Memory is the cartography of experience and the borders of memory are the edges of our screen's ability to resurrect the past. In 1934 Walter Benjamin wrote that he had for years considered the idea of setting out the sphere of his life graphically, on a map. Jorge Luis Borges once wrote a poem in which all of the journeys made during a person's lifetime mapped the lines of his protagonist's own face. As far back as 1654 Madeline de Scudery had published a fictional map as part of her novel Clelie. She called this map a Carte du pays de Tendre: a topography of the land of tenderness. The emotional material of the novel was given a visual identity, inasmuch as the exterior landscape was used to depict the interior world of the characters. Like Camillo before her, de Scudery aimed to imbue the unseen and the emotional with legible form. Through the Lake of Indifference, the Dangerous Sea and a town called Negligence the visual – the optic – and the sensory – the haptic - were brought together. It is hard to regard de Scudery's work now as anything other than a paradigm for the ways in which art is approached and understood. As it is with our comprehension of the fictional protagonist of Clelie so it is that we make sense of the internal world of art through our visual comprehension of that which the artist chooses to make shown. The geography of art leads us to the core of our selves.
Geography is the site where emotion meets memory. In the First Century AD Quintilian wrote of memories as architecture, with image-filled rooms of the mind triggering thoughts. In order to move our minds from room to room these images need to be affectively and emotionally charged. We need to care enough to take the time to make the trip. Like these invented rooms, actual spaces and places are loaded with the power to make us recollect. And as memory (like film) is never still and never rests so the remembered and the act of remembering, the trigger and the triggered, overlap and build and deepen. What we remember we change in the act of remembrance: the room of the imagination stays the same, it is we who visit who have always changed. And if these rooms have an optic quality, that quality is also always haptic. Haptic refers to being able to come into contact with, and in this it is art's form, function and reception no less than it is a function of memory.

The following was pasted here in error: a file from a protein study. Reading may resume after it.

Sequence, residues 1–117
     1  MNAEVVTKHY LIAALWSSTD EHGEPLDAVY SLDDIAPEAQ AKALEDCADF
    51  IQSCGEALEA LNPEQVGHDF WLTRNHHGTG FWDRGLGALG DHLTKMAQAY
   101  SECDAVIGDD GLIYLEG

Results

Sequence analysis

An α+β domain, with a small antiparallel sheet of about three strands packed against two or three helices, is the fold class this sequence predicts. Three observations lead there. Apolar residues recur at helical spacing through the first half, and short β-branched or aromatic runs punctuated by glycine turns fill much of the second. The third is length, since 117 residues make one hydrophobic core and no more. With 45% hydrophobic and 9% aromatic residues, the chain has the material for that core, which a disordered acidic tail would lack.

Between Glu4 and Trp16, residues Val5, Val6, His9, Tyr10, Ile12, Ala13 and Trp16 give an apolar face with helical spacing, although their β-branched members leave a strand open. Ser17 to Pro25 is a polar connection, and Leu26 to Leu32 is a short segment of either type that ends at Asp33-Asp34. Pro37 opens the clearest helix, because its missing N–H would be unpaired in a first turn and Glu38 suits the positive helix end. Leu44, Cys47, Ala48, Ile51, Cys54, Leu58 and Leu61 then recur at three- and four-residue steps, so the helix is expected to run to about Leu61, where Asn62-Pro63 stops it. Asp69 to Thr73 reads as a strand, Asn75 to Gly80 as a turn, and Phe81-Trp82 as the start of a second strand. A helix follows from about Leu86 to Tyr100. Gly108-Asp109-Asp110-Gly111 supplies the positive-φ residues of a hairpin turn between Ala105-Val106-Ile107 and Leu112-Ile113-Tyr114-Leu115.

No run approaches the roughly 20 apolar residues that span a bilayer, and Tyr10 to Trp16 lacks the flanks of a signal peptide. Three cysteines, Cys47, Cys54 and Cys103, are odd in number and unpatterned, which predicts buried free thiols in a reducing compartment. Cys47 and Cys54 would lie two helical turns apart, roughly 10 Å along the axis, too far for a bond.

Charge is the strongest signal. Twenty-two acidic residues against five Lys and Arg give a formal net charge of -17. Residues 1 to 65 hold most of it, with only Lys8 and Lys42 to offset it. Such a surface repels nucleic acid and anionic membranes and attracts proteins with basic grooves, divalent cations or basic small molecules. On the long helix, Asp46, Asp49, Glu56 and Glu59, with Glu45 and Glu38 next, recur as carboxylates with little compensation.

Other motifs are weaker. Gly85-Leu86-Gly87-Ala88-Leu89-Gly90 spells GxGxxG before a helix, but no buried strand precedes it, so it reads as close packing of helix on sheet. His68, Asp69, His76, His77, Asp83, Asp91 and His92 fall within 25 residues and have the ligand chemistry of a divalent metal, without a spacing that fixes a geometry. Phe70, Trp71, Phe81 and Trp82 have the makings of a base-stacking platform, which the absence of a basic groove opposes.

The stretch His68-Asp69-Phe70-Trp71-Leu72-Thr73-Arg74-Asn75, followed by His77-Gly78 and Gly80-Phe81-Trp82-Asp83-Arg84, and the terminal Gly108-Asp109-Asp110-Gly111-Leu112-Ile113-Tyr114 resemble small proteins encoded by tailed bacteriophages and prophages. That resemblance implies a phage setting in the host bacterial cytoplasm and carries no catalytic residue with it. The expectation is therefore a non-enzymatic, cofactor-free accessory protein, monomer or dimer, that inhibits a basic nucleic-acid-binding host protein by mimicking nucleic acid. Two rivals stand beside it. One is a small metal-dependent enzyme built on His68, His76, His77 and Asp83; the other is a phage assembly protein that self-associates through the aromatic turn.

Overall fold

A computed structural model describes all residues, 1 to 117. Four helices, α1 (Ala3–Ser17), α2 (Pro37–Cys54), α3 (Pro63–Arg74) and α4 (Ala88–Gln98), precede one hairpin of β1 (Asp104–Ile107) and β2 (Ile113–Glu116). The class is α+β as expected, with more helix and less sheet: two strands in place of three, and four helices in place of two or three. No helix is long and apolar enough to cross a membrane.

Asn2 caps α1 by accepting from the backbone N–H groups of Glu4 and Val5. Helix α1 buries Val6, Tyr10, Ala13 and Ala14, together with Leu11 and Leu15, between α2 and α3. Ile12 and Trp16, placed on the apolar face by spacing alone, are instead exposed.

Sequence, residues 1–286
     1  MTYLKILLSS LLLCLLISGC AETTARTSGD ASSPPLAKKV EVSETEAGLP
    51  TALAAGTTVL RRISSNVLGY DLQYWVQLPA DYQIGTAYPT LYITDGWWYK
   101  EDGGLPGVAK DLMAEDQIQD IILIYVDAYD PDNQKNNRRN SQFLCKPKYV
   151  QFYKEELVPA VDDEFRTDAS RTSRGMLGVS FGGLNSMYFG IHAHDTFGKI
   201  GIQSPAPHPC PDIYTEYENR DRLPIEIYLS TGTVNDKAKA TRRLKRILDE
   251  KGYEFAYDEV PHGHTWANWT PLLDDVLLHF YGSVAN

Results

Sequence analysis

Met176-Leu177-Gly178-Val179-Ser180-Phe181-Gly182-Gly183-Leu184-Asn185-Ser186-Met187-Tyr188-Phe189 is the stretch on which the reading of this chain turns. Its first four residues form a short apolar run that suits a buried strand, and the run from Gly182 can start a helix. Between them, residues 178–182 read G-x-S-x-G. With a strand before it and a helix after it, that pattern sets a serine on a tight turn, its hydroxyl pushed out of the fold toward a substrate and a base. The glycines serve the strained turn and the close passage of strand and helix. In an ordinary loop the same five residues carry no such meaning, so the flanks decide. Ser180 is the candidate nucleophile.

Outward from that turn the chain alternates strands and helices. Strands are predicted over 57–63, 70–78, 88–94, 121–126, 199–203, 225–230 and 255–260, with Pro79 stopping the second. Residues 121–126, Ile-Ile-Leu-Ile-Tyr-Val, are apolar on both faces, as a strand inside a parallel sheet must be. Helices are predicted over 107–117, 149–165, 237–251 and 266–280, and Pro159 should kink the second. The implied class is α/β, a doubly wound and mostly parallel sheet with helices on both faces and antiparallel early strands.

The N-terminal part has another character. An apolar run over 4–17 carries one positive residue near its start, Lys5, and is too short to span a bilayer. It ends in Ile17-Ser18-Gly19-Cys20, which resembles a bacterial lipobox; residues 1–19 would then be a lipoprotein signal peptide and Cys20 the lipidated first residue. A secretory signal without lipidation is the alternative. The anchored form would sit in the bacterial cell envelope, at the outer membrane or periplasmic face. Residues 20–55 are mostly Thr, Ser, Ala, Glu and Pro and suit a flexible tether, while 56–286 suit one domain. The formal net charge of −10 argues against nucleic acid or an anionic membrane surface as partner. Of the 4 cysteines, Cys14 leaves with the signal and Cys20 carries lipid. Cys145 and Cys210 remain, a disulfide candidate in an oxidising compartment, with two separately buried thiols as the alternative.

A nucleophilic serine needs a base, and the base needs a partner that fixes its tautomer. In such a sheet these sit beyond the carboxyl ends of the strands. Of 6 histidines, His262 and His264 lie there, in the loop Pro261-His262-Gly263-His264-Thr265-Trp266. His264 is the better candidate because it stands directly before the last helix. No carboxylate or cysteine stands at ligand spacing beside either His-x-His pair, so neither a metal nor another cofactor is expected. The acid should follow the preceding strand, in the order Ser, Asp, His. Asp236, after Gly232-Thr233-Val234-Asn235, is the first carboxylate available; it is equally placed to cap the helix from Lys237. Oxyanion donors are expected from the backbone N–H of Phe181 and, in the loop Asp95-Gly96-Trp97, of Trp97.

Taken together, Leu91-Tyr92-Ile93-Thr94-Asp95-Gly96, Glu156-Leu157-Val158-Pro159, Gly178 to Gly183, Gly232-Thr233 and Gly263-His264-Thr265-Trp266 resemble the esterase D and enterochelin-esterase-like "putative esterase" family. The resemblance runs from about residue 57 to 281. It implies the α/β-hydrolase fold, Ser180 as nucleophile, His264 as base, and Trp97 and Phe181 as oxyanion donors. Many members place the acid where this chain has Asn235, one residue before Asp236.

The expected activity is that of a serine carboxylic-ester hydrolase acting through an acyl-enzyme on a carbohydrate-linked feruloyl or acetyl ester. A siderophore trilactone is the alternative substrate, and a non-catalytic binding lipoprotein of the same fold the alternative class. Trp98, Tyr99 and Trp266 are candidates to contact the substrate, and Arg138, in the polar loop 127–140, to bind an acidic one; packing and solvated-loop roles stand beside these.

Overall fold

Like the English Patient out of Michael Ondaatje and Anthony Minghella, we drift between memories and dreams as seamlessly as wrinkled sand dunes seen from the sky melt into love-crumpled sheets, as effortlessly as a mountain range becomes a lover's back. Haptic articulates a sensory function: a function that is as much of the body as it is of the mind. Haptic also refers to kinesthesia, to the ability our bodies have to sense their own movement in space. When we live we move and the less we move the more we want the eye to flicker. Gallery-goers can gaze forever at the stillness of paint precisely because the movement they crave is in their own hands and in their own feet. In the gallery we stop, we shuffle, we step closer and we then step back. Accordingly, ideas of elsewhere are always in our gift. We walk away and we return. 'Elsewhere' in the theatre – that necessary need for visual movement - is the function of clumsy and outmoded metaphor. The limits of the stage become the limits of our seeing world. Sight lines hem us in, forcing our gaze down channels no wider than the wooden boards. If what we see is what we get then theatre rarely gives us as much as we need.
As the chorus of Greek theatre has been replaced by the gossip-mongering of characters from small box soap-operas - where the venomous asides provide a running commentary on the action – so our narrative fix is provided now by television and cinema. And it does so at the mainstream theatre's expense. We no longer need the story lines of Chekhov played out a la Stanislavski, anymore than we are drawn to the theatre as a space for education and enlightenment. More fundamental than this, however, is the possibility that in the memory game of art, theatre has been left behind.